Slinger's Thoughts

April 2, 2013

Backing up the backed up backups of your backups – Where do you keep your backup files.

Filed under: Disaster Recovery, SharePoint — slingeronline @ 2:49 pm

If you have been following along the past few posts, then you have a pretty good idea what you need to backup, and when you need to back it up.  So once you do have a governance policy in place that says what you need to backup, and when your backups need to run, you are set to go right?  Sure, but where are you going to keep the backup files?  I would like to say that this is a "no-brainer", but I have seen it many times where the backup files were stored on the very server that was backed up.  I will admit that I am guilty of it as well, although under very unique circumstances. (Those circumstances being that it was a testing environment and I didn’t really care if the entire farm went belly up, I was in a position to lose exactly no critical data at all.) So where do you keep those files? When deciding where to keep your backup files there will be several things to consider; you will need to weigh the importance of each aspect to decide which option is best for your organization.

Backup Latency

Backup Latency is how quickly a backup file can be stored to the selected location. Selecting a local drive to store the backup file will be extremely fast, while selecting to store your backup in the cloud will likely be significantly slower.


While storing a backup file locally is very quick, it is not very secure. If something happens to your server that makes it inaccessible, chances are your backup file is also inaccessible, which means it is useless.

Restore Latency

Restore Latency is how fast you can get the information out of your backup and into your environment. Although there is a close relation between Backup Latency and Restore Latency, they are not identical. Often you do not need to restore the entire contents of your backup, but rather a small portion of it. (I plan to address this in more detail in a future post.)

So where are the best places to store backup files? Below is a table* that lists some common locations and how they rank in my experience. Keep in mind that your mileage may vary.


Storage Backup Latency Safety Restore Latency
Cloud Low High Low
Tape Low Medium Low
File Share Medium Medium Medium
Portable Hard Drive Medium Low High
Local Drive High Low High

Many people will wonder why I said Tape only has medium safety. It can be very safe, if it is stored offsite. If you keep your tapes next to your server it isn’t much better than a shared drive in terms of safety. (Which makes it the one of the worst options to go with, unless you have a strict policy around tape management that will prevent the tapes from being stacked on top of the server rack.) The same can be said of the removable hard drive. Typically they are left plugged into the server and just stacked on top of the rack. If there is a strictly enforced policy that says the the portable drive must be kept off site unless it is being actively used in the backup or restore process, safety considerations go up.  The reason that this is important is because not every disaster is related to software or hardware failure. Sometimes environmental conditions are the cause of your disaster. If your server room floods and all of your backups are kept in the same room with your server, you didn’t really have a backup after all did you? You can tell that there are going to be other cost considerations as well. Convenience is one and the actual financial costs should always be a consideration. I’ve added those to the table* below.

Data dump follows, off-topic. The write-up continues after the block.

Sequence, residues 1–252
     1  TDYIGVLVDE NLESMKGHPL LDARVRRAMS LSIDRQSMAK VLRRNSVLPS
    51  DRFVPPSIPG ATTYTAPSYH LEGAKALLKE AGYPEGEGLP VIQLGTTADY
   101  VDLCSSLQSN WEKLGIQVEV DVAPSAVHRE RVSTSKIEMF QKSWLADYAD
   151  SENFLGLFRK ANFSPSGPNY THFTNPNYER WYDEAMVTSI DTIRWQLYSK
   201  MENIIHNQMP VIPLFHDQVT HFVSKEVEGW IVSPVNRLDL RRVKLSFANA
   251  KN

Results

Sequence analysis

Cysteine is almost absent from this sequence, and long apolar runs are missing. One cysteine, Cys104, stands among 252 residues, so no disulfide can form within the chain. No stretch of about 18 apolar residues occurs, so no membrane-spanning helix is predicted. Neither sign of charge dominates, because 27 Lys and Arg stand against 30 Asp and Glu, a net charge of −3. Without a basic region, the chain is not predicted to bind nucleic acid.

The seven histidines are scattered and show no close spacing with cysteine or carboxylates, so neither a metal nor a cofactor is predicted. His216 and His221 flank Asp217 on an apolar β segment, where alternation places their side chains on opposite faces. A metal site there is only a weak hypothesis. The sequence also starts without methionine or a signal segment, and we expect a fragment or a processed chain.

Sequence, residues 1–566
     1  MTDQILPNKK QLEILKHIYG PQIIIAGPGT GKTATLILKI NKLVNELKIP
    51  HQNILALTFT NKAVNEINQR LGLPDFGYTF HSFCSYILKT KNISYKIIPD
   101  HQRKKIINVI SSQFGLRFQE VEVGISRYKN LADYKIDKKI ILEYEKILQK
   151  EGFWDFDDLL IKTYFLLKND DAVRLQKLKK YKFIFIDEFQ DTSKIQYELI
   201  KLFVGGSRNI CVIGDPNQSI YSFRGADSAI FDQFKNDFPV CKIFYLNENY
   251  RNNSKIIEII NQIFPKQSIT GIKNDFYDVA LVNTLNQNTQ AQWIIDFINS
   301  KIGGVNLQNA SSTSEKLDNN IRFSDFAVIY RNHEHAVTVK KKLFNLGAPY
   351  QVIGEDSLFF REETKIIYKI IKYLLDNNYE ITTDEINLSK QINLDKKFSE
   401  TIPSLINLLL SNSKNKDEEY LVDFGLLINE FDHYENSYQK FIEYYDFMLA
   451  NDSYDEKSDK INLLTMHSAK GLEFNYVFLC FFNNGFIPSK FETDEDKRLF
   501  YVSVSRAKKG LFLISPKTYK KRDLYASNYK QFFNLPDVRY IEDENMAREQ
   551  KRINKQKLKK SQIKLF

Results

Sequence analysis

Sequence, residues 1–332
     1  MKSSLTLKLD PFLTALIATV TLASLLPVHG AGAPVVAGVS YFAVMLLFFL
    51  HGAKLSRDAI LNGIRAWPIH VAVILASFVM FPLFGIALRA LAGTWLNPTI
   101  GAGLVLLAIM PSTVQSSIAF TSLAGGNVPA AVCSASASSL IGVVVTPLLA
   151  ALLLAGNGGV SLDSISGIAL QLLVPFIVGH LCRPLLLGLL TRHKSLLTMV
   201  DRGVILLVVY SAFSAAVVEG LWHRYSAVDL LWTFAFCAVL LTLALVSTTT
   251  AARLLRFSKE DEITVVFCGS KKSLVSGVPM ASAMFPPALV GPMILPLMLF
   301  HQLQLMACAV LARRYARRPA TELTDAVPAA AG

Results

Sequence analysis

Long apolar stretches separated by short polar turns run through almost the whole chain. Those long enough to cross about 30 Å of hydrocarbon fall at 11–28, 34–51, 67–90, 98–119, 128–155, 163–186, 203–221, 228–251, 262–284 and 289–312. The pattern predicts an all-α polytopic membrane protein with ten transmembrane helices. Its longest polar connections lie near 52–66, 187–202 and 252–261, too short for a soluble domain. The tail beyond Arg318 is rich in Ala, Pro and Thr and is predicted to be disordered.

Storage Backup Latency Safety Restore Latency Convenience Cost
Cloud Low High Low High High
Tape Low Medium Low Low Medium
File Share Medium Medium Medium High Medium
Portable Hard Drive Medium Low High Medium Medium
Local Drive High Low High High Low

You can tell that there isn’t really a best, “one size fits all” solution. Each has its advantages and disadvantages. It truly depends on what your needs are and what your organization can afford. Please note that there also is no real correlation between cost, safety, convenience, etc. I should also note that with Tape and Portable Hard Drives you can increase the safety, but it will also decrease the relative convenience. Keep all of this in mind and be sure to include it in your disaster recovery planning.  Cost can also increase with the amount of storage space required.   What do you want to keep in your backups? If you keep your SharePoint backups on the local drive and then through a different disaster recovery policy backup the entire server to the cloud, you just backed up your backup, and that uses storage space. Your backup will take a little longer, and use up a little more storage space.  This will eventually add up. Instead of backing up SharePoint to the local server and then backing up the local server to the cloud, including the backup, it probably makes more sense to backup SharePoint to the same location initially. This also means that in the event of a disaster you don’t have to restore the backup from the restored backup.  (If we keep this up we will end up in a cyclic redundancy loop, like having Doritos Locos Tacos flavored Doritos. Are we next going to have some Doritos Locos Tacos flavored Doritos Locos Tacos?)

*The values in the tables are not from any official source, but just from my personal experience. Your experience may vary greatly from mine. This is only meant as a guide to what you should consider when choosing a location to store your backup files.



  1. […] the past few blog posts, I have gone over the What, When, and Where of SharePoint Disaster Recovery planning.  So, why? Why do you need any type of Disaster […]

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